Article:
Certainly by next year, I mean, we would like to see in the next couple supervision and regulation reports, we would like to see some results of scenario analysis. In Europe at the ECB and the UKPRA, they've already made progress on this. And they've announced results of their scenario analysis will be released next year. So these are certainly two efforts the Federal Reserve could sort of step up and pursue more immediately.

AKIKO FUJITA: What about something like capital requirements, Phillip? There's the argument that for every dollar that a bank invests in fossil fuels, the bank needs to hold an equal amount, essentially to absorb future losses. I mean, there's a big question about whether, in fact, some of these stranded assets could lead to instability in the financial markets. How much of that do you think should be considered and how effective do you think that kind of policy could be?

AKIKO FUJITA: I'll start with the second part of that question and how effective it can be. And it can be very effective. I mean, let's think about what the Fed's mandate is here. And you might hear from some others on the other side of this issue saying, well, climate really isn't in the Fed's mandate. But that's just not true. I mean, it's the contrary. It isn't the Fed's mandate because they're charged with the stability and safety and soundness of the banking sector, as well as overall financial stability. And climate places squarely into that.

And so, when you talk about capital requirements, well, that's part of safety and soundness of the banking sector. So to say that the Federal Reserve should not be putting in place capital requirements is kind of an absurd statement when you think about the risk that climate could pose to the banking sector.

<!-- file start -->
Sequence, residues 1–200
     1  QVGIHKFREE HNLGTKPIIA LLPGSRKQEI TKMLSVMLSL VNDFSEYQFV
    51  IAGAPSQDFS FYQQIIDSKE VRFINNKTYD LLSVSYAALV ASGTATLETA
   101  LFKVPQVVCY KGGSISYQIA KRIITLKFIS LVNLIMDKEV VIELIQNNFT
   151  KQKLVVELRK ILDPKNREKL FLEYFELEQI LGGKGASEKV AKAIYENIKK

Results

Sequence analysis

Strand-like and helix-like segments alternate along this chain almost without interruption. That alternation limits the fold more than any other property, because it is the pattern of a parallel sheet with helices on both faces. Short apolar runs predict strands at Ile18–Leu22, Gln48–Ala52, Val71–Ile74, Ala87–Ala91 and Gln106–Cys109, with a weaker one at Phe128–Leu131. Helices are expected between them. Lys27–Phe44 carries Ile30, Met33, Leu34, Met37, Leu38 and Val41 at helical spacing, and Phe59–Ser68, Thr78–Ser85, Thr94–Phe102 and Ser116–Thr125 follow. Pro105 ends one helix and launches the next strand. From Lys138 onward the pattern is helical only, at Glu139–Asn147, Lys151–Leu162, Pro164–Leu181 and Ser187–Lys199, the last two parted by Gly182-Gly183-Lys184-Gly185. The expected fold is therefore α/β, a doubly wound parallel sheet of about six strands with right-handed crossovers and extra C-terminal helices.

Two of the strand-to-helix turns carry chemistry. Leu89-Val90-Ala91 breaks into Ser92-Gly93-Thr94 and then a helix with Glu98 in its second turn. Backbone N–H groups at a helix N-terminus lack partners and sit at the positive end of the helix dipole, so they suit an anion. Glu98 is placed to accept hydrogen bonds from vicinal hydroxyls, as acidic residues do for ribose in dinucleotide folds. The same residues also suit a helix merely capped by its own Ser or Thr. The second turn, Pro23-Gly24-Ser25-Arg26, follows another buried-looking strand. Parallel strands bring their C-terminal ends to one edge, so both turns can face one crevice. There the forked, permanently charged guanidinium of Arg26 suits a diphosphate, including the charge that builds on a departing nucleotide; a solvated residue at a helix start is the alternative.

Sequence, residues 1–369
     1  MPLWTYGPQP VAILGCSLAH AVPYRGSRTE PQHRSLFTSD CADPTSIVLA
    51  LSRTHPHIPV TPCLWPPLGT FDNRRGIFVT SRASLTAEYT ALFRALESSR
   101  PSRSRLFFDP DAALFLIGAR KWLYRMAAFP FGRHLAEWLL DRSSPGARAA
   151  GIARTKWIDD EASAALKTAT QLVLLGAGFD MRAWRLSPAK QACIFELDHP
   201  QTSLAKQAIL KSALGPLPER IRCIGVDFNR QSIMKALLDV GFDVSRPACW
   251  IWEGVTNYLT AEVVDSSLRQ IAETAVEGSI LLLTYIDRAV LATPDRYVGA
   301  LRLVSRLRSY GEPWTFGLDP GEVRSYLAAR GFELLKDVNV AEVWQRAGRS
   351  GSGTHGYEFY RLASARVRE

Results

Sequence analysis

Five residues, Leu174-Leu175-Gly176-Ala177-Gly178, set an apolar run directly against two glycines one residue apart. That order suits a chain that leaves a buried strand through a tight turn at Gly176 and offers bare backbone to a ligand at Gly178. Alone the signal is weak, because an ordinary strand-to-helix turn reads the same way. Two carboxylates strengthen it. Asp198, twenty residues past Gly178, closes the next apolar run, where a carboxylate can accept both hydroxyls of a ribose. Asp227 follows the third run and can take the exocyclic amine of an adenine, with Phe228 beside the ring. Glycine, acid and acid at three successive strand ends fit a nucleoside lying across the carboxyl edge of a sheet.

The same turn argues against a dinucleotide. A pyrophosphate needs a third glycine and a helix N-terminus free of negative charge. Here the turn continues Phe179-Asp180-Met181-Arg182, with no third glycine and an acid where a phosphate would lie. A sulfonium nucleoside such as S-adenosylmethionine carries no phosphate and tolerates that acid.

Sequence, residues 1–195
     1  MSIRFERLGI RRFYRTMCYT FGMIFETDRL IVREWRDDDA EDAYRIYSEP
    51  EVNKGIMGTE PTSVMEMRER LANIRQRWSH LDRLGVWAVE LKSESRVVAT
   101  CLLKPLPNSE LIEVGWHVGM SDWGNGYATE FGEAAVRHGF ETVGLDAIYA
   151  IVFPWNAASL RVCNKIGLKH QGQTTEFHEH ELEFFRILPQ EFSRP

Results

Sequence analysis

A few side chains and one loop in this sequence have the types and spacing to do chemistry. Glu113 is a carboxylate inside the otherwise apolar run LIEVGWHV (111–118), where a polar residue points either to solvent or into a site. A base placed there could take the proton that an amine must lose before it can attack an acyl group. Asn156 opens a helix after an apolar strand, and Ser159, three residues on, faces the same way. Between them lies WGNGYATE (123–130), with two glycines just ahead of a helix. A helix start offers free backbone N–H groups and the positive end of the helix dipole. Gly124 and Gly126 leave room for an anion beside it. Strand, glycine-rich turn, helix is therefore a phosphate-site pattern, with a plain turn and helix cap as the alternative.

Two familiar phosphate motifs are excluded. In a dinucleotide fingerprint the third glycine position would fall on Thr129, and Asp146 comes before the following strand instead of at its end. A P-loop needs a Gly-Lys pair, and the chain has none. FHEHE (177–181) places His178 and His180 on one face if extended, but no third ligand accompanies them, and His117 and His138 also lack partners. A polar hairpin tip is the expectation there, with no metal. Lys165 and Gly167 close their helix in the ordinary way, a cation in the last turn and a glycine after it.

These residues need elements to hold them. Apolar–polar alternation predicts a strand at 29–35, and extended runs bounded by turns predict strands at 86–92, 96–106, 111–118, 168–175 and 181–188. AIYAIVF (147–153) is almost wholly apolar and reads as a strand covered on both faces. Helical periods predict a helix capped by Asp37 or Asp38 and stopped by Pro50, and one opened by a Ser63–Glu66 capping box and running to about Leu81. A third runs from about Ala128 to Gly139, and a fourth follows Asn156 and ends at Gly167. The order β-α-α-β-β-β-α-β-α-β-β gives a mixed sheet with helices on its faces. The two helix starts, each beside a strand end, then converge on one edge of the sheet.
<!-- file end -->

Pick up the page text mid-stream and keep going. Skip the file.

And so, in our recent report that we released, we highlight that, yes, the Fed should be considering capital requirements. We say that you it makes probably a little more sense to pursue it through the Fed's stress test and the stress capital buffer just because that necessarily is scenario based.

But the climate does pose risks to the financial sector, it poses a risk to banks. In the case you were pointing out, let's say banks finance exploration of new fossil fuels, well, assuming transition happens according to the goals that the international community has agreed to, a lot of those assets could be left stranded and cause significant losses on banks' balance sheets. And you'll end up with mispriced risk. And that's where capital requirements are key to this picture.

AKIKO FUJITA: You mentioned potential stress tests. You look at somebody like the Bank of England. I mean, some would argue they've kind of been leading the way on climate policy. To what extent do you think the test they've conducted could be a model for the Fed to follow? I mean, is it fair to make the two comparisons to say, look, over in the UK, as well as Europe, they've already led the way, they've created a model for the Fed to follow.

AKIKO FUJITA: You know, in some ways, I think that is true, but let me point out that the Federal Reserve has stood up and runs what could be considered the world's most robust stress testing program. It's a bottoms up stress test, asset level stress test for the largest banks here in the United States.

And along with that, the Federal Reserve collects quite a bit of data. I mean, imagine. They collect every loan, nearly every loan on the balance sheet, every mortgage, commercial loans, commercial real estate, commercial and industrial loan. And they collect quite a number of variables along with that.

So I'm fully confident that the Federal Reserve can create a scenario analysis and, eventually, a stress tests related to climate that equally to its current stress test will be the most robust stress test in the world. And they have the capability, they have the staff, they have the infrastructure. And so, this is, to me, not necessarily a heavy lift. The last piece of the puzzle that might be missing is a little more data around the specific climate risks associated with each asset.